Pantawid Pamilyang Pilipino Program

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Pantawid Pamilyang Pilipino Program (PAO-2017-01)

DSWD Should Maintain the Suspension of 4Ps Expansion Until It Upgrades Its Information Technology Systems and Identifies Ineligible Beneficiaries

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Date added: October 30, 2017

What COA Found

DSWD does not have the absorptive capacity to cover all identified poor households within its set timeframe. By focusing on mass registration, DSWD compromised its ability to target beneficiaries, monitor compliance, deliver services, and ensure data reliability.

The program aims to keep children healthy and in school while breaking the inter-generational cycle of poverty. Since 2010, DSWD data shows that 88% of program beneficiaries have had access to government health services, such as preventive health check-ups, vaccinations, and deworming medicines. In addition, the program ensured that 90% of the 9,432,580 registered children attended school. Moreover, the 2015 National Household Assessment found that about 1.3 million household beneficiaries transitioned above the poverty line. However, there is insufficient longitudinal evidence to determine if the program caused this decline and thereby contributed to the goal of breaking the inter-generational cycle of poverty. Furthermore, data shows that increased access to basic health and education services of the government does not automatically translate to better health and jobs for the beneficiaries.

Poverty incidence data from the Philippine Statistics Authority (as of June 2015) shows that the program successfully targeted regions with the highest percentage of poor households. However, DSWD’s individual household targeting has problems. DSWD data (as of May 22, 2017) reflect that 31,389 households that received benefits were non-poor and therefore ineligible. These errors resulted from poor data gathering during the 2009 National Household Assessment. According to program officials, the prior Administration had insufficient time and personnel to correct the data because its priority was on mass registration. As the Listahanan database is the main source of information on program beneficiaries from 2010-2015, the reported 1.3 million households which transitioned above the poverty line is questionable, hence, the DSWD is still in the process of validating the aforementioned report.

In 2015, the program shifted its focus from mass registration to efforts to correct the data integrity issues caused by the program’s rapid expansion. As of May 22, 2017, DSWD had identified 15,898 duplicate entries in its database. Upon further testing, this audit found an additional 530 duplicate entries in the database. During its expansion the program had inadequate IT support. The database and supporting structure was designed to handle 300,000 households but the program rapidly expanded to nearly 4.4 million households. As a result, systems users have been encountering systems lags and shutdowns, thereby increasing the time to finish their processes. With the change of administration in the middle of 2016, the DSWD implemented a moratorium on the acceptance of new households in order to focus on reassessing the program to identify and address existing gaps.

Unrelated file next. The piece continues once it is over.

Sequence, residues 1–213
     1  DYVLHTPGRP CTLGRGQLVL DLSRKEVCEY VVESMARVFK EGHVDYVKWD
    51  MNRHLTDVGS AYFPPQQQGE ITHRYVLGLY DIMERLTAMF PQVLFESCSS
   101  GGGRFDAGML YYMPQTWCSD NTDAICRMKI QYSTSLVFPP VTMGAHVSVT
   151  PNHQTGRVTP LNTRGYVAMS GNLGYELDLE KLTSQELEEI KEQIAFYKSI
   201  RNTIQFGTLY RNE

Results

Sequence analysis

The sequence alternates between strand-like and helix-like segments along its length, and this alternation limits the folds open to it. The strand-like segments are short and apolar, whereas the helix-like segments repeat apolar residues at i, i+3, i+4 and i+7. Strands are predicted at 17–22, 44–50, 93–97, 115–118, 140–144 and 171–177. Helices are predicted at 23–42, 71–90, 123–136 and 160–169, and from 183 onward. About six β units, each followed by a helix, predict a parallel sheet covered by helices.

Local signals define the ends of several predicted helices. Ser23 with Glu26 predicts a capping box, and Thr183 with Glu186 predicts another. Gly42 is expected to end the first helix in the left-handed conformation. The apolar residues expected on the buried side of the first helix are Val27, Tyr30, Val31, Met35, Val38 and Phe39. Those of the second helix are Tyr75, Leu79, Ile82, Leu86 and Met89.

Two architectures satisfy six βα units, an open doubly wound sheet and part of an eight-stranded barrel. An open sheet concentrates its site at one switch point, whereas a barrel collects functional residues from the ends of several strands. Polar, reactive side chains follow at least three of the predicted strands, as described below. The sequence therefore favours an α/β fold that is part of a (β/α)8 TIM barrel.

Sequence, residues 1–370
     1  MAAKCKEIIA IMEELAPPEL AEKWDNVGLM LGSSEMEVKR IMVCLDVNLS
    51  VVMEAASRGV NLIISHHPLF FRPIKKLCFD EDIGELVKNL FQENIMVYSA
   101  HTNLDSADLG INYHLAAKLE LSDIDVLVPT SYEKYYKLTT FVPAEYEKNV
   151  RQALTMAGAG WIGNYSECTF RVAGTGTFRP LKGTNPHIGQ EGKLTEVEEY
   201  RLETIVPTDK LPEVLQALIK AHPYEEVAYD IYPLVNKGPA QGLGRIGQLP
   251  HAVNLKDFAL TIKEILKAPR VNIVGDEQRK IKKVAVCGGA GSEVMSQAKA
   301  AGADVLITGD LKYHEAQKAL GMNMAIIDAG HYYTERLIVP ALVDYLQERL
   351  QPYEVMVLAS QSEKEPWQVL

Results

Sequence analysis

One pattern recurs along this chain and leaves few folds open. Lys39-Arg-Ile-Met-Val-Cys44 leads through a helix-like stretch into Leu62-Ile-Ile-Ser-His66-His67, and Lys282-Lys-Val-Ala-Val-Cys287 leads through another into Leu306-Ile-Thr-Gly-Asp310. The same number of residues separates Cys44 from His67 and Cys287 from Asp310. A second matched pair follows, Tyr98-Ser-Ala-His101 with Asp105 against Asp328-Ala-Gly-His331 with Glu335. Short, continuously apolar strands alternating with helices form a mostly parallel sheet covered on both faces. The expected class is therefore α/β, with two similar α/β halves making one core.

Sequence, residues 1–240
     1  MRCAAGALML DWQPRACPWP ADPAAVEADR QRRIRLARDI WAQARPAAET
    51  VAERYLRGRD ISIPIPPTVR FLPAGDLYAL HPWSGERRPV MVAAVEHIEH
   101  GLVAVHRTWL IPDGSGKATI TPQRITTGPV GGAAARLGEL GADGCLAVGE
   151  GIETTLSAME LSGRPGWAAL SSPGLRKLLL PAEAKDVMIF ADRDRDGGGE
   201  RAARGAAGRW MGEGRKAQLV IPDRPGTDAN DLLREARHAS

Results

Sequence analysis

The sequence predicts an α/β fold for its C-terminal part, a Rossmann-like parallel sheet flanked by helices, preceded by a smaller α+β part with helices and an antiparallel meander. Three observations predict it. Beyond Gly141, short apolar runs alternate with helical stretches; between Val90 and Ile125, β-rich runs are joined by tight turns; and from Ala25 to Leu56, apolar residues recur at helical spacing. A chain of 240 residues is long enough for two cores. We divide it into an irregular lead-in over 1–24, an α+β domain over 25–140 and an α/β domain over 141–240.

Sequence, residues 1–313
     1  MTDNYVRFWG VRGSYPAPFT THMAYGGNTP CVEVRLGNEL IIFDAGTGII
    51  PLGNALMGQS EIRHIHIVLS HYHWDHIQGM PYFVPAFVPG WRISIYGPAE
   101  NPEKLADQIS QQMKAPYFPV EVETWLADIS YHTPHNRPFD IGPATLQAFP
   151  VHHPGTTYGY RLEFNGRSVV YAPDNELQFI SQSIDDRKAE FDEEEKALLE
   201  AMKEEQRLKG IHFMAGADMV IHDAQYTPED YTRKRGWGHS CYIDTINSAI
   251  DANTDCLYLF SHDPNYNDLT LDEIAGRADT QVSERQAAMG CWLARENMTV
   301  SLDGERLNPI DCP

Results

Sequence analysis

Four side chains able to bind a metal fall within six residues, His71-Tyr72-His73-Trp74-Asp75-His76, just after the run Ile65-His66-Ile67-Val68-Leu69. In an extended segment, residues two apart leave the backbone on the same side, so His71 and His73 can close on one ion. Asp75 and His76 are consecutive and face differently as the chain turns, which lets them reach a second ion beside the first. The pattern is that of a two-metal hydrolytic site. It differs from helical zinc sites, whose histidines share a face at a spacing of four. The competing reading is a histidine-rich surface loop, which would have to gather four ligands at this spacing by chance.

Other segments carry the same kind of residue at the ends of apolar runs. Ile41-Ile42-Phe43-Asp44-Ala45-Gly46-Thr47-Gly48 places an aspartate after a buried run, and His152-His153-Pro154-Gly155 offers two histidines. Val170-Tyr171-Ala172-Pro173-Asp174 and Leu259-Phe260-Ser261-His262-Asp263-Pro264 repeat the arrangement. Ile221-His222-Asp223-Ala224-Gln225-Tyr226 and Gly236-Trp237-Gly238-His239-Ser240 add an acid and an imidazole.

Why COA did this study

For the past decade, the Pantawid Pamilyang Pilipino Program has been the centerpiece of the government’s social protection efforts helping millions of households living in poverty. Between 2008 and 2016, the program greatly expanded its coverage from about 282,917 to 4.4 million poor households. Budget allocations also increased from ₱299 million to ₱78.2 billion. DSWD administers the program

Prior impact evaluations have shown that the program improved the poor’s access to health services and kept their children in school. However, public opinion surveys show that people perceive the program as a ‘dole-out’ program that causes dependency. Furthermore, the sharp increases in funds and beneficiaries may have strained the program’s controls over program implementation.

COA assessed the extent to which the program (1) achieved its goals and objectives; (2) utilized the funds only to poor households; and (3) used reliable data to allocate its funds.

COA examined relevant laws, rules and regulations to determine the program’s goals, objectives and key performance indicators. COA examined DSWD data to assess the extent the program achieved its goals and objectives. COA examined the operations manuals and interviewed key DSWD officials to assess the program’s internal controls. Lastly, COA tested the reliability of DSWD’s database, identifying duplicate entries and outliers.

 

What COA recommends

COA recommends that DSWD maintain the suspension of the expansion of the program until (1) it completes its IT Systems upgrade, pursuant to its Information Systems Strategic Plan (ISSP); (2) it eliminates duplicates and outliers in the database; (3) it completes its validation on the transitioning households; and (4) it reassesses its staffing needs.